M. tuberculosis (Mtb) is one of the leading causes of death worldwide and claims millions of lives annually. Approximately ~1.7 billion people worldwide are asymptomatically infected with the tubercle bacillus and constitute a major impediment to worldwide public health control measures. Previous work had shown that a point mutation (Arg ->His) in the 4.2 domain of RpoV, the principal sigma factor in 515 Mycobacterium bovis, is attenuating. Mice infected with Mtb?whiB3 showed significantly longer survival times than mice infected with the wild type Mtb. In addition, the lungs of Mtb?whiB3-infected mice appeared much less adversely affected. Recent studies have shown that WhiB3 is a 4Fe-4S cluster protein and initiates the metabolic switchover to the preferred in vivo carbon source, fatty acids. We hypothesize that WhiB3 is an intracellular redox sensor that maintains redox homeostasis. To better understand the mechanism of this physiological event, we will identify the WhiB3 amino acids necessary for effective iron-sulfur (Fe-S) reconstitution, and use electron paramagnetic resonance spectroscopy (EPR) to characterize these mutated proteins. We will use genome-wide expression profiling to examine the contribution of WhiB3 in maintaining redox homeostasis, and analyze the metabolite profile of Mtb?whiB3. These studies will characterize WhiB3 as a potential target for interventions. The University of Alabama at Birmingham (UAB) is Alabama's largest employer, with more than 18,000 faculty and staff at the university and in the health system, and is responsible for 52,900 full-time equivalent jobs within the university and the community. Eight in every 100 jobs in the Birmingham area, and 2.8 jobs in every 100 jobs in Alabama, are related to UAB. UAB's overall economic impact in the Birmingham metro area exceeds $3 billion annually. Consistent with ARRA goals, this application will create or retain ~7 jobs.
The ability of small numbers of Mycobacterium tuberculosis (Mtb) to lay dormant in humans without causing disease is central to the biology of the disease. We will examine how Mtb enters a persistent state, and hope to translate this knowledge into new interventions to reduce tuberculosis.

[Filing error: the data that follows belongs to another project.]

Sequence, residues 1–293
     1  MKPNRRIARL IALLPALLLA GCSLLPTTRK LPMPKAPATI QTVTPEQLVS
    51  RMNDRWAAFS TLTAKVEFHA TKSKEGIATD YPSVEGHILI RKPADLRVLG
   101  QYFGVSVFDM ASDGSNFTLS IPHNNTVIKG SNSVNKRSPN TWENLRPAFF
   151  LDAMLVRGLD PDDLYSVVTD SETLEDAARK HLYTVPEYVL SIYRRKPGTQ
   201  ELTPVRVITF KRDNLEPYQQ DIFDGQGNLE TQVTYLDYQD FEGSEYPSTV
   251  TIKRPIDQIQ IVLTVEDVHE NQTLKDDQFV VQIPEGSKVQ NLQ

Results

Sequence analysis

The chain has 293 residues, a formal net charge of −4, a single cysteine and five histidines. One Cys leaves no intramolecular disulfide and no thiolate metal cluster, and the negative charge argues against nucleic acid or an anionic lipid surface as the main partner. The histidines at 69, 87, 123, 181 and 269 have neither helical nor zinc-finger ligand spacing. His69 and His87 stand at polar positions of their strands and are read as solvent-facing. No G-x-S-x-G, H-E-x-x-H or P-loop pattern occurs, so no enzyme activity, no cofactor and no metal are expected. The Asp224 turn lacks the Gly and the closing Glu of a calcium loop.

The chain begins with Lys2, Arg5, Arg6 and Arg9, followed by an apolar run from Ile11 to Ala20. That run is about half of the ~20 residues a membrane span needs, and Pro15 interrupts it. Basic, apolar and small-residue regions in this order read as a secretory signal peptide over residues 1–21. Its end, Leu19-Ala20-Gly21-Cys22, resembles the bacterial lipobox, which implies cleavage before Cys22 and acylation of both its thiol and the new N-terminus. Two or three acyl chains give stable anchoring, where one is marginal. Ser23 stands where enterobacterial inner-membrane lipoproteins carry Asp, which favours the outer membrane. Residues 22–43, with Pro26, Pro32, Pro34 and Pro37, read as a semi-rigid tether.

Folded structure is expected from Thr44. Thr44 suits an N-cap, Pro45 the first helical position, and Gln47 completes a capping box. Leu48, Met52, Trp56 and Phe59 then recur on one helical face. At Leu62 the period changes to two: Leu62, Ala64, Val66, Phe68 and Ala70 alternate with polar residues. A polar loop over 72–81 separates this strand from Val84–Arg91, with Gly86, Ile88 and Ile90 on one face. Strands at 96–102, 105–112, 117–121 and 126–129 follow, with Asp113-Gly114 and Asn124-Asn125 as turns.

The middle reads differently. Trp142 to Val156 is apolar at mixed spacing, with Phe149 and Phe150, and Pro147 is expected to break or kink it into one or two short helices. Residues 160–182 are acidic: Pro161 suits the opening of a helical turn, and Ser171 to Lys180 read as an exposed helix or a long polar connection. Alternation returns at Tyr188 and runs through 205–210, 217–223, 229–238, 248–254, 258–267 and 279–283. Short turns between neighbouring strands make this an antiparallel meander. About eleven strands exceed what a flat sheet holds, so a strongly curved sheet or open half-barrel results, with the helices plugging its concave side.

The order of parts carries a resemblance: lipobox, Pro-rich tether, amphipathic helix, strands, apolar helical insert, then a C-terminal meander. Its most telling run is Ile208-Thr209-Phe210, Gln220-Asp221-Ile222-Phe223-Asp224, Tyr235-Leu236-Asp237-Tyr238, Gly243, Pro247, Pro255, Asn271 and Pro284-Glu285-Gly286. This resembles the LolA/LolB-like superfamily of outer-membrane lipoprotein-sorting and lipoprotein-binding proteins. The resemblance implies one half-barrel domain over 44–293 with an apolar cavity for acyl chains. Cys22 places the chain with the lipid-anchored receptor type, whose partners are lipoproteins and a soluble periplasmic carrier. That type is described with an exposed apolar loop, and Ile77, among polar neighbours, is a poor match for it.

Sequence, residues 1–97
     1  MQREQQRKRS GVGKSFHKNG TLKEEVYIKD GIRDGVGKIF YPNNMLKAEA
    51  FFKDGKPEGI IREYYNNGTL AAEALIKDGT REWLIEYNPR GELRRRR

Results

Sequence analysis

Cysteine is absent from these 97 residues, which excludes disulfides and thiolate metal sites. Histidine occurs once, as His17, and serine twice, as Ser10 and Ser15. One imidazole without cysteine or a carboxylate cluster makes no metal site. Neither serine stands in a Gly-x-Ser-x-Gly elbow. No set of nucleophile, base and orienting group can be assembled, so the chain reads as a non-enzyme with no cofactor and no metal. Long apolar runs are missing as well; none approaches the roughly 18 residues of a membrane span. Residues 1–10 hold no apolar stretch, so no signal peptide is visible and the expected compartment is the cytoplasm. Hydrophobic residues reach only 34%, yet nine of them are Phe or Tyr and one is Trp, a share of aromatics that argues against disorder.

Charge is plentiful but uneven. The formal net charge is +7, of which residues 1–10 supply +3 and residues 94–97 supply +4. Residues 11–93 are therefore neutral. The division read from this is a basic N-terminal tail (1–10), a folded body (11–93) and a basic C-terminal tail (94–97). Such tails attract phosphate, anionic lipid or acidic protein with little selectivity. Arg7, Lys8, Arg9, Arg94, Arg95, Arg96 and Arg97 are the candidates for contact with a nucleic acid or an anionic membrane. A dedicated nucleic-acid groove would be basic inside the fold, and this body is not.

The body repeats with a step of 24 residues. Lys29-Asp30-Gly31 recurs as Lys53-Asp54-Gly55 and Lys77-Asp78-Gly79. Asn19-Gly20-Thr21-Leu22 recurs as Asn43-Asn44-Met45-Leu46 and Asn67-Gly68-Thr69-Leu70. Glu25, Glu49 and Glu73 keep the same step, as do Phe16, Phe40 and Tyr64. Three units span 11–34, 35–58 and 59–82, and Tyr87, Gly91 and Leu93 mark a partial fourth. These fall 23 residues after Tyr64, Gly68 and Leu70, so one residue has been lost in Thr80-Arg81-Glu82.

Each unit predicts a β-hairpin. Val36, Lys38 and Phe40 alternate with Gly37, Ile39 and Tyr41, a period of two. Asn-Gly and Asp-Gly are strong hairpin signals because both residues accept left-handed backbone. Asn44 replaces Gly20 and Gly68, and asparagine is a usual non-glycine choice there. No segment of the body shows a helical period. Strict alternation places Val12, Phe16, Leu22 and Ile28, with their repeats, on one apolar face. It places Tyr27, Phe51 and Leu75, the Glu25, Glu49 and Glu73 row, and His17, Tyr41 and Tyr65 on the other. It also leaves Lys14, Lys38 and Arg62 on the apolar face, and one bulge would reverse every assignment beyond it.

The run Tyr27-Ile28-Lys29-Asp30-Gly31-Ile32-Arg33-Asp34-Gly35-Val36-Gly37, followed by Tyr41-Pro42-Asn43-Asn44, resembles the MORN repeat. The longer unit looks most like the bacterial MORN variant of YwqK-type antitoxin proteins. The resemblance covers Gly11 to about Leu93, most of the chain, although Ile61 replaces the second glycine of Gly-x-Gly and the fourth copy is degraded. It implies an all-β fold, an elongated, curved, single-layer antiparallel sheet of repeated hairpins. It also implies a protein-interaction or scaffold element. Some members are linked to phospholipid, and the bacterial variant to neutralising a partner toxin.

|Saini, Vikram; Cumming, Bridgette M; Guidry, Loni et al. (2016) Ergothioneine Maintains Redox and Bioenergetic Homeostasis Essential for Drug Susceptibility and Virulence of Mycobacterium tuberculosis. Cell Rep 14:572-585|
|Wang, Yong; Jin, Tong Huan; Farhana, Aisha et al. (2014) Exposure to cigarette smoke impacts myeloid-derived regulatory cell function and exacerbates airway hyper-responsiveness. Lab Invest 94:1312-25|
|Gopal, Radha; Monin, Leticia; Torres, Diana et al. (2013) S100A8/A9 proteins mediate neutrophilic inflammation and lung pathology during tuberculosis. Am J Respir Crit Care Med 188:1137-46|
|Regev, Doron; Surolia, Ranu; Karki, Suman et al. (2012) Heme oxygenase-1 promotes granuloma development and protects against dissemination of mycobacteria. Lab Invest 92:1541-52|
|Saini, Vikram; Farhana, Aisha; Steyn, Adrie J C (2012) Mycobacterium tuberculosis WhiB3: a novel iron-sulfur cluster protein that regulates redox homeostasis and virulence. Antioxid Redox Signal 16:687-97|
|Saini, Vikram; Farhana, Aisha; Glasgow, Joel N et al. (2012) Iron sulfur cluster proteins and microbial regulation: implications for understanding tuberculosis. Curr Opin Chem Biol 16:45-53|
|Chawla, Manbeena; Parikh, Pankti; Saxena, Alka et al. (2012) Mycobacterium tuberculosis WhiB4 regulates oxidative stress response to modulate survival and dissemination in vivo. Mol Microbiol 85:1148-65|
|Farhana, Aisha; Saini, Vikram; Kumar, Ashwani et al. (2012) Environmental heme-based sensor proteins: implications for understanding bacterial pathogenesis. Antioxid Redox Signal 17:1232-45|
|Kumar, Ashwani; Farhana, Aisha; Guidry, Loni et al. (2011) Redox homeostasis in mycobacteria: the key to tuberculosis control? Expert Rev Mol Med 13:e39|
|Farhana, Aisha; Guidry, Loni; Srivastava, Anup et al. (2010) Reductive stress in microbes: implications for understanding Mycobacterium tuberculosis disease and persistence. Adv Microb Physiol 57:43-117|